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Southern Nevada and Utah Weather Outlook for May 10th, 2019

Stormy Conditions are possible Friday and Saturday

SYNOPSIS: An unusual May weather pattern will bring periods of shower and thunderstorm activity along with cooler temperatures to the region through the weekend. A concentrated band of rainfall is likely to develop across southern Nevada and eastern California tonight which may result in localized flash flooding. Conditions will dry out and temperatures will climb by early next week. UPDATE: Storms over Inyo and San Bernardino counties were intensifying this evening as 300 mb difluence, low level convergence, and low level shear all overlapped. Farther north and east, storms over Lincoln County had been struggling as too many updrafts competed for too little instability. Updated grids to raise PoPs in San Bern county and increase QPF for Inyo and San Bern as a tongue of precipitable water greater than 0.75 inch was poking north into the storm environment. No changes beyond the immediate term. Will continue to monitor. SHORT TERM through the weekend. (Updated at 3:15 pm PDT May 9th) Shower and thunderstorm activity has increased this afternoon as low pressure from the intermountain west retrogrades west and forms a closed low over Nevada and California by Friday morning. A persistent band of showers extending from southern Inyo through Mohave County has continued to move east today, but this area has generally been rather stable and only light to moderate rainfall has been reported. Further north, closer to the developing low, thunderstorms have been developing with some heavier rain embedded in some of these storms. This trend is expected to continue into this evening with majority of the hires models showing showers and thunderstorms developing across Inyo, Nye, Lincoln, and Clark Counties. Increasing instability, plenty of deep moisture and additional energy from the low should help generate these storms which are likely to continue through much of the overnight period. Rainfall totals across Inyo could range from a quarter to half an inch with half an inch to over an inch across southern Nye, Lincoln, and parts of Clark County. It is noted that PW values forecast for this evening are approaching record territory for this time of year. At this time, changes to the current flash flood watch are not needed.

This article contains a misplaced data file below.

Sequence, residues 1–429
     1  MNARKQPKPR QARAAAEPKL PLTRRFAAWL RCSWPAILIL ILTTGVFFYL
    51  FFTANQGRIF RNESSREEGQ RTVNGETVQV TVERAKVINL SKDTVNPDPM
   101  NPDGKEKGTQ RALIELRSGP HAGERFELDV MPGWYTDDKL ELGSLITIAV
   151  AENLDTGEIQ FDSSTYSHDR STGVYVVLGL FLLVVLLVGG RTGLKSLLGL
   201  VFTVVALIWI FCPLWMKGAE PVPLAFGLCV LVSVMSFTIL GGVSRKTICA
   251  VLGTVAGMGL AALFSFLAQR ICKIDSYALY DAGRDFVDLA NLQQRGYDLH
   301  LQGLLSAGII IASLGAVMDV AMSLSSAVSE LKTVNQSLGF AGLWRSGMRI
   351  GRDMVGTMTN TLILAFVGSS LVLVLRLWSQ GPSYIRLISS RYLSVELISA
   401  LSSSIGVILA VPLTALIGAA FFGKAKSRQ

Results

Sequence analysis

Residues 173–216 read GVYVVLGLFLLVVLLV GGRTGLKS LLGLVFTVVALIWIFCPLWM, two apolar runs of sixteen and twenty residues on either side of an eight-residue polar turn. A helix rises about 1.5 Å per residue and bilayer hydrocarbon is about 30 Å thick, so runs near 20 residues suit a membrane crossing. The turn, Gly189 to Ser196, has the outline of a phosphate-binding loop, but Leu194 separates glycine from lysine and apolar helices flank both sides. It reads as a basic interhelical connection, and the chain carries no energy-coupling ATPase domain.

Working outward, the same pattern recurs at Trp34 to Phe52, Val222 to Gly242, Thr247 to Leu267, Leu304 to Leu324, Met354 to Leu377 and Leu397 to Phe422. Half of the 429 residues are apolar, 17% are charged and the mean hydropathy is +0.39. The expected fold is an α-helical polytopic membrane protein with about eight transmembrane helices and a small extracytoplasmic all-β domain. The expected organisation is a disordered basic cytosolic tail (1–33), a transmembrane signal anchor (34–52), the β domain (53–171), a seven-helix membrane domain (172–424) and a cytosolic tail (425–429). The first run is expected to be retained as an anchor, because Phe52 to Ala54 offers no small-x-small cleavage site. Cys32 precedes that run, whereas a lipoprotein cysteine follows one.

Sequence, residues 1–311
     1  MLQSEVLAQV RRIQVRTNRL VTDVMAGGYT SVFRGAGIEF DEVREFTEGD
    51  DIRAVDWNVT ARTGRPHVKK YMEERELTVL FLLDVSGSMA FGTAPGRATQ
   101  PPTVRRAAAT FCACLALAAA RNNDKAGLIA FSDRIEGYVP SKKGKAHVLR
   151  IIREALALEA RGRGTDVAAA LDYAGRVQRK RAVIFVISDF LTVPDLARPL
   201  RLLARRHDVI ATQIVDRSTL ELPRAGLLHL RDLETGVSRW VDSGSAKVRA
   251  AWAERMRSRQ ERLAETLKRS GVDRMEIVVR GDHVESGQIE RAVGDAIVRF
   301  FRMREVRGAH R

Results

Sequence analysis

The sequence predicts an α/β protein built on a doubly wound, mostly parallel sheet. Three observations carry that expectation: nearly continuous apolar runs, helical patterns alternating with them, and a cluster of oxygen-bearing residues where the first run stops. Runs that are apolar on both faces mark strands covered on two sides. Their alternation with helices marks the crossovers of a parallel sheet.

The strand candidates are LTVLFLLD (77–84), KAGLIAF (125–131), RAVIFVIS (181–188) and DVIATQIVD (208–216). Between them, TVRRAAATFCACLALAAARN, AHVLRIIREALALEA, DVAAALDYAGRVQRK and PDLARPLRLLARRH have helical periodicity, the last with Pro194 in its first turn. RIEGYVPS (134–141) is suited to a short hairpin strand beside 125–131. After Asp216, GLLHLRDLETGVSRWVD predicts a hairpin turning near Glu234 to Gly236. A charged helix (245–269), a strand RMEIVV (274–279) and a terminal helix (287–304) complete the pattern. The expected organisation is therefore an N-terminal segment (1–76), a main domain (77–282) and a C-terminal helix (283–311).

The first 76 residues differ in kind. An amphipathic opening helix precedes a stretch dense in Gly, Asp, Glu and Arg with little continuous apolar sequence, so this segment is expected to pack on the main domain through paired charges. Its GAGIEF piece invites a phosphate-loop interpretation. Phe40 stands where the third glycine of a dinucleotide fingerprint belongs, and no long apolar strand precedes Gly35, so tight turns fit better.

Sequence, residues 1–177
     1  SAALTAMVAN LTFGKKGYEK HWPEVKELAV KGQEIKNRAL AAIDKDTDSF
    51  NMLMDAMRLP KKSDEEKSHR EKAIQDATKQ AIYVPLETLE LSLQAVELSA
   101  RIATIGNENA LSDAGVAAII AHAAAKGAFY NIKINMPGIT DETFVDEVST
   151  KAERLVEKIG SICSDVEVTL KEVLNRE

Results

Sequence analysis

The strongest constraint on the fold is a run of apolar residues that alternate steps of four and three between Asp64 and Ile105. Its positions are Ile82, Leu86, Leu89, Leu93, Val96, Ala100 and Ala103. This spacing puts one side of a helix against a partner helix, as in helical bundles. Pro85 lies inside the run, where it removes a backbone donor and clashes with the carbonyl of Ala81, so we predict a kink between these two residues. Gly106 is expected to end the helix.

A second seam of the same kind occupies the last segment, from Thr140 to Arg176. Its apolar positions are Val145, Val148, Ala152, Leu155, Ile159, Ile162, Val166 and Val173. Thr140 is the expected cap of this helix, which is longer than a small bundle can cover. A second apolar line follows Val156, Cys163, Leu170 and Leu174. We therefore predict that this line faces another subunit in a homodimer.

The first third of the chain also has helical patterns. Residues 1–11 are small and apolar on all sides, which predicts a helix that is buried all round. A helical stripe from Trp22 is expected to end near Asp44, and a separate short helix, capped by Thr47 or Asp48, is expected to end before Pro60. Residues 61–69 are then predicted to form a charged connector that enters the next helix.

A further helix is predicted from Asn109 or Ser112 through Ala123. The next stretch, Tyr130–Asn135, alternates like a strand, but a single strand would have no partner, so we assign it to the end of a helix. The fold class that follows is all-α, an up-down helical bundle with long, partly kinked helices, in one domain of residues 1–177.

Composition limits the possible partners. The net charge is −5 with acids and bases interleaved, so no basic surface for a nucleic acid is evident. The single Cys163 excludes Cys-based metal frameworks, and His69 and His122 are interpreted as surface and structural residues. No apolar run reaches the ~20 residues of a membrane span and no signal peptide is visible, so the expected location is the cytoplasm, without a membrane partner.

The area may see a slight break in coverage Friday morning, but with afternoon heating and increased instability in the afternoon showers and thunderstorms are once again expected to develop. At this time storms look to be a bit more scattered across the region, but with plenty of moisture still available any storm will be capable of producing flash flooding.

In addition to heavy rainfall, some winter weather will also be possible in the high Sierra, mainly above 8,000 feet. While snow amounts will be fairly minimal by Sierra standards, 3-6 inches of wet slushy snow may catch outdoor enthusiasts by surprise and can prove dangerous for those unprepared for the conditions. As such, issued a Winter Weather Advisory through Friday afternoon for the higher Sierra elevations. Rainfall will become more scattered over the weekend with the best forcing pulling west and south with the low. However, precipitable water values will remain quite high through the weekend and the region will remain in a broad cyclonic flow pattern with daily chances of scattered shower and thunderstorm activity. At least isolated flash flooding will remain possible. Temperatures through the weekend will remain several degrees below normal thanks to the abundance of moisture and cloud cover. LONG TERM Monday through Wednesday.